A Supreme Court decision may end the practice of Las Vegas police officers forcibly strapping down and sticking a needle in DUI suspects without a warrant. In the case, Missouri v. McNeely, the court ruled that the police must obtain a warrant before drawing the blood of a DUI suspect, unless the police are able to demonstrate an exception to the warrant requirement established in the Fourth Amendment of the United States Constitution.
Tyler McNeely was pulled over by a Missouri state trooper. The trooper said he was unstable, and asked him to perform a field sobriety test. McNeely consented to the test and failed. The officer asked him to take a breath test, which he refused. The trooper took him to a hospital to take a blood test. McNeely refused the test, but the trooper ordered the lab technician to proceed, anyway. Prosecutors attempted to use the blood test as evidence.
The issue at hand was whether there was a sufficient “exigent circumstance” to force a DUI blood test without a warrant. An exigent circumstance is a special circumstance in which certain procedural matters that arise from the Fourth Amendment protection against unreasonable search and seizures, like warrants, can be skipped over. One such recognized exigent circumstance is when evidence is likely to be destroyed. Recently in the news with the Boston bombing suspect, we have seen the public safety exception discussed as another exception to the warrant requirement.
In the McNeely case, the government argued that because alcohol naturally dissipates out of the blood over time, the evidence of the suspects BAC is being destroyed and therefore meets an exception to the warrant requirement. The government argued that the exigent circumstances of destruction of evidence allows the police to forcibly draw blood from DUI suspects. In the case, the prosecutors relied on Schmerber v. California, a 1966 case in which the Court ruled admissible a DUI blood test when the suspect was taken to a hospital for injuries.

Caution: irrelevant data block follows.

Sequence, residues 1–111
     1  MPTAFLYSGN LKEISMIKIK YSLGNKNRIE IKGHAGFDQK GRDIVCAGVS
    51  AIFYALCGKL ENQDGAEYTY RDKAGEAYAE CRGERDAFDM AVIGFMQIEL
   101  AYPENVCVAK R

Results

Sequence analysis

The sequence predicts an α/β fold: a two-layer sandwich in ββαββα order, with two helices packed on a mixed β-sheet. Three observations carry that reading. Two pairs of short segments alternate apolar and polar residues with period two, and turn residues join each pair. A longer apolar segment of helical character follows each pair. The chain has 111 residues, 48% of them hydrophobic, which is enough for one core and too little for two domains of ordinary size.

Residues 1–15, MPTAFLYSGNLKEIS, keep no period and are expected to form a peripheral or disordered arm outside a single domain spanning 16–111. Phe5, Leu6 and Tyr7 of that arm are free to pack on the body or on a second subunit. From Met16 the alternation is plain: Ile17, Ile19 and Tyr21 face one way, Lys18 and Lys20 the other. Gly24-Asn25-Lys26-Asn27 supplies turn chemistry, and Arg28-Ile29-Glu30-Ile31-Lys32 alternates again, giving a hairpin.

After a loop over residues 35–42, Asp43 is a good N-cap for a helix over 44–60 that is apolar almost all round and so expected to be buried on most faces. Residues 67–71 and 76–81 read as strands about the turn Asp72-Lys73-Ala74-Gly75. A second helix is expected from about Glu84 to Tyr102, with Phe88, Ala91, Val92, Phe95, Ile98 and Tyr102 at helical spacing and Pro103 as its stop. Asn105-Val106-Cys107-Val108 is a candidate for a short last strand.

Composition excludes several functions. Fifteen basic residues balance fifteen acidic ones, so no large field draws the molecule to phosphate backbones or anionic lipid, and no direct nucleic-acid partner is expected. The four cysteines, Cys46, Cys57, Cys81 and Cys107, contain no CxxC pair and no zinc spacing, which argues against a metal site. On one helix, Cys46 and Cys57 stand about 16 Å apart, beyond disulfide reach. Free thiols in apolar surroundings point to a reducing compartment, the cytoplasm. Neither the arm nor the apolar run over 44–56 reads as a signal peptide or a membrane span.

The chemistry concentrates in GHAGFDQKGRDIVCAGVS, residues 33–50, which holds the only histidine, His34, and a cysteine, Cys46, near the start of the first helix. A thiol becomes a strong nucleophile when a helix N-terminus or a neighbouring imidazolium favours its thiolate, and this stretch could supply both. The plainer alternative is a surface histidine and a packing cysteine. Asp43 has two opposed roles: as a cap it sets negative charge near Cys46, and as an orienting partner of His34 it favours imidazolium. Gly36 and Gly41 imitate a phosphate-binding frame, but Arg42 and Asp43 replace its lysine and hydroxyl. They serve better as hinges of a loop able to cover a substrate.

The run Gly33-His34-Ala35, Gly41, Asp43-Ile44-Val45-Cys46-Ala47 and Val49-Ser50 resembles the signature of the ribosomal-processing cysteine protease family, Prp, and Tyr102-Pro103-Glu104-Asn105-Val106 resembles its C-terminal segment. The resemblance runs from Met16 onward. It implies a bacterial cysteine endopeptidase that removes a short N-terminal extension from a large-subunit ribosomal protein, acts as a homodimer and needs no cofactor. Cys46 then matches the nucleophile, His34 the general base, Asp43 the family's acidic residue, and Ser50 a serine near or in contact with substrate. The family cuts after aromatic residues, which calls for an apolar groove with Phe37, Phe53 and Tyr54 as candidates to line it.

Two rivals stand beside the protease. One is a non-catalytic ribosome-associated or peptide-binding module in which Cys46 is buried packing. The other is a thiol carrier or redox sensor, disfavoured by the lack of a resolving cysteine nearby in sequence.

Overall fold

The Court rejected the government’s arguments. While they did not overturn Schmerber, they said the case was only applicable to very narrow circumstances. In this case, the police could get a warrant, and either chose not to or were too disorganized to proceed. While the Court did not go so far as to say a warrant is necessary every time the police wish to draw blood, they said that when police can “reasonably obtain” a warrant, “without significantly undermining the efficacy of the search,” they must do so before obtaining an unconsented blood test.
The implications on Las Vegas DUI prosecution are huge. Under Nevada law, if a DUI suspect refuses a blood test, police may use “reasonable force” to obtain the sample — in other words, strap the suspect does and insert a needle — without a warrant. The justification for this law has been that Nevada drivers give implied consent to a blood test. However, under the McNeely ruling, this practice is likely to considered unconstitutional.
Currently, if a driver is pulled over in Las Vegas and the officer starts demanding any kind of test, including breath and blood tests, it would be in that driver’s best interests to refuse the DUI test. Unlike many other states, there are no consequences for refusal, like license suspension, in Nevada.
If the officer then forcibly straps the suspect down to take the test without a warrant, under the McNeely ruling, that test is likely inadmissible in court. The primary evidence against the suspect can no longer be used, often making for a weak case for the prosecution.
Due to this new United States Supreme Court ruling in McNeely, the state of Nevada DUI cases is in a state of flux. This means that issues that were usually not litigated, because of long-established precedence, should be litigated all over again. It is important that you discuss your case with an experienced Las Vegas DUI attorney who has a good understanding of the changing law and how it can affect your case.